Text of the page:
Citing an “epidemic” of drug addiction in Ithaca, city officials are deliberating giving the Ithaca Police Department permission to train officers how to administer a medication to individuals suffering from drug overdoses.
The medication, Narcan, is absorbed into the body through a nasal inhaler and is used to reverse the effects of drug overdoses within minutes, according to a city press release. The drug is an opioid antagonist; it binds to the same brain receptors as opioids, such as morphine and heroin, and blocks those drugs from binding and taking effect, according to a city press release issued Aug. 22.
Narcan takes effect anywhere from 30 to 90 minutes after it is administered, according to the New York State Department of Health’s website.
After completing training with the Southern Tier AIDS program, which offers training for “non-medical persons” to learn how to treat opioid overdoses, some Ithaca police could carry Narcan and will be authorized to administer the drug in emergency situations depending on whether or not the motion is approved.
“Opiate addiction is an epidemic throughout the City of Ithaca and the nation, with heroin and opiate overdoses rising in frequency and many of these overdoses resulting in death,” the press release states.
There were 1,818 deaths, 9,135 emergency department visits and 21,202 hospital admissions related to drugs in New York State in 2008, according to the most recent data available from the New York State Department of Health.
While Narcan can reverse the effects of a substance overdose in minutes, it also induces symptoms associated with drug withdrawal, according to Prof. David Smith, psychology. These symptoms can include a range of unpleasant feelings such as perspiration, irritability, nausea and more.
Still, several Cornell professors said they supported the use of Narcan in emergency situations.
Prof. Chad Lewis, chemistry, called Narcan a “useful last resort that can save lives.”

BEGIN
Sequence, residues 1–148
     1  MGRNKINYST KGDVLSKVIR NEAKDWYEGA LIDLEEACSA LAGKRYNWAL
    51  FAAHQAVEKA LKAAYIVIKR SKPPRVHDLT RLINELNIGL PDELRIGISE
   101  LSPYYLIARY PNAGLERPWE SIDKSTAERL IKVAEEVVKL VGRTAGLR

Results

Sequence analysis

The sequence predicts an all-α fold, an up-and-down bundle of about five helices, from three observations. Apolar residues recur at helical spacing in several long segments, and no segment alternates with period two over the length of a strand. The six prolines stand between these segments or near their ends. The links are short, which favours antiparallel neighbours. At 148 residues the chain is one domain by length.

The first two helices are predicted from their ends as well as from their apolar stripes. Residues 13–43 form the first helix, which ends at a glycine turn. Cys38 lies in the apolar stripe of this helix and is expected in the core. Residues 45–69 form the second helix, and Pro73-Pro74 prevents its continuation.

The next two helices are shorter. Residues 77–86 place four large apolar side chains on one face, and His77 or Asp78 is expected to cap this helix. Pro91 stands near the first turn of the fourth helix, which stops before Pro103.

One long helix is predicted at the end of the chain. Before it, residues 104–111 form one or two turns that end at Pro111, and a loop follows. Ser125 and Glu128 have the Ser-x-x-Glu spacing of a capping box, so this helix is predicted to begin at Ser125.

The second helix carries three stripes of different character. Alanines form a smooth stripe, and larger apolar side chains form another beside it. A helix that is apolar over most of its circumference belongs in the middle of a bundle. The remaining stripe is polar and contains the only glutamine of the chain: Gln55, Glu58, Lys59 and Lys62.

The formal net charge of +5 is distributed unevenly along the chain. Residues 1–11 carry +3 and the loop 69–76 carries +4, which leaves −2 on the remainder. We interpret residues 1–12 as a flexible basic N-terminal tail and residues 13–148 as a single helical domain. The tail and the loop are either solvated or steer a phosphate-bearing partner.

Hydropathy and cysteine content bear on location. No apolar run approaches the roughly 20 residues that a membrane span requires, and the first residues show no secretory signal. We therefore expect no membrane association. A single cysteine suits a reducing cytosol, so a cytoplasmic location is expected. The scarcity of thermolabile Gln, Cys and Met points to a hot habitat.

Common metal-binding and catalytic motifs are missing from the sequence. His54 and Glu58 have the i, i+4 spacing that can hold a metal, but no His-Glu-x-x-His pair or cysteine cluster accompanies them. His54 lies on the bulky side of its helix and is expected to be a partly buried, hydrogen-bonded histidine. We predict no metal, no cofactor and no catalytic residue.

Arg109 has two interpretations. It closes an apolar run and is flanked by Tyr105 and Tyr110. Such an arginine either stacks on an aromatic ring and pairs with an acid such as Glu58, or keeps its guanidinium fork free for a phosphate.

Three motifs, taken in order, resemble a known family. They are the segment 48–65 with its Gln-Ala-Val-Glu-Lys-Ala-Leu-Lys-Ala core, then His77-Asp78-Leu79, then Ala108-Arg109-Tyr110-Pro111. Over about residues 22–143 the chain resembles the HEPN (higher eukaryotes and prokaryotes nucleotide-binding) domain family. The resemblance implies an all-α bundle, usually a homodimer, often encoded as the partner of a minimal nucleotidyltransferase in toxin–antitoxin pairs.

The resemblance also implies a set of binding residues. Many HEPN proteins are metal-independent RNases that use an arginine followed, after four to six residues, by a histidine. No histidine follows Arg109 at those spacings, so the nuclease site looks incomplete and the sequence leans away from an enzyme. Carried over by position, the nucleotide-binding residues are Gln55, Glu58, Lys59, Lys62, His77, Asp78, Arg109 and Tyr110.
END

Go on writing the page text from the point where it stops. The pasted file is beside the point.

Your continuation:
According to Smith, Narcan can be especially useful in treating acute overdoses — when an individual ingests more than the recommended maximum dose of a given drug.
“I think that if ... there are no significant dangers ... [Narcan] clearly could save some lives,” Smith said.
Smith noted that the medication is not particularly effective in long-term abusers. Individuals suffering long-term abuse should seek help in drug rehabilitation centers, he said.
Ithaca will follow cities throughout New York State in the use of Narcan by people who are not medically trained, a practice authorized in the state in April 2006.
Narcan — also known by its pharmaceutical name, naloxone hydrochloride — has been used for decades in hospitals to reverse the effect of opioid overdoses.
When taken in high or concentrated doses, opioids produce feelings of pleasure and euphoria. Some opioids, including morphine and codeine, are used in pain medications, often as post-surgical treatments.
“It always depends on dosage, as to whether [a drug] stays therapeutic or becomes detrimental,” Lewis said.
Correction: A previous version of this article and its headline incorrectly stated that city officials recently gave the Ithaca Police Department permission to train officers how to administer Narcan to individuals suffering from drug overdoses. In fact, the City Administration Committee just discussed potentially permitting the IPD to train officers in Narcan use.